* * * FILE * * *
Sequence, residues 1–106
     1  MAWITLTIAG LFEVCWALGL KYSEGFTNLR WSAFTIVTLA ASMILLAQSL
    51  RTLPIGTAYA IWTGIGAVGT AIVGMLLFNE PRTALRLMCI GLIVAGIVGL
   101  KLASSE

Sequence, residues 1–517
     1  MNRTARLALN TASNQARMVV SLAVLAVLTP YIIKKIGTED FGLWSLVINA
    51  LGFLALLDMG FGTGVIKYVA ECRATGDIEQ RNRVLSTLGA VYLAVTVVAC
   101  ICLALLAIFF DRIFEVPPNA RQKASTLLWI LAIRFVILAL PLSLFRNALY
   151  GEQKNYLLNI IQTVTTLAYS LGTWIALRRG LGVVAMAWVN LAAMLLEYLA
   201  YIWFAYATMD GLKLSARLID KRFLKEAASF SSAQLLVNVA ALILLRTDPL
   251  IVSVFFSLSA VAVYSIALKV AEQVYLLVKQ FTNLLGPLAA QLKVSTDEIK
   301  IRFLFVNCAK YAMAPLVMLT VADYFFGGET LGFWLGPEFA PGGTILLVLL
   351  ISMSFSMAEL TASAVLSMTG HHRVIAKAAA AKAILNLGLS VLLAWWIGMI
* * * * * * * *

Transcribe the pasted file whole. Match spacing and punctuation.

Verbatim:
Sequence, residues 1–106
     1  MAWITLTIAG LFEVCWALGL KYSEGFTNLR WSAFTIVTLA ASMILLAQSL
    51  RTLPIGTAYA IWTGIGAVGT AIVGMLLFNE PRTALRLMCI GLIVAGIVGL
   101  KLASSE

Sequence, residues 1–517
     1  MNRTARLALN TASNQARMVV SLAVLAVLTP YIIKKIGTED FGLWSLVINA
    51  LGFLALLDMG FGTGVIKYVA ECRATGDIEQ RNRVLSTLGA VYLAVTVVAC
   101  ICLALLAIFF DRIFEVPPNA RQKASTLLWI LAIRFVILAL PLSLFRNALY
   151  GEQKNYLLNI IQTVTTLAYS LGTWIALRRG LGVVAMAWVN LAAMLLEYLA
   201  YIWFAYATMD GLKLSARLID KRFLKEAASF SSAQLLVNVA ALILLRTDPL
   251  IVSVFFSLSA VAVYSIALKV AEQVYLLVKQ FTNLLGPLAA QLKVSTDEIK
   301  IRFLFVNCAK YAMAPLVMLT VADYFFGGET LGFWLGPEFA PGGTILLVLL
   351  ISMSFSMAEL TASAVLSMTG HHRVIAKAAA AKAILNLGLS VLLAWWIGMI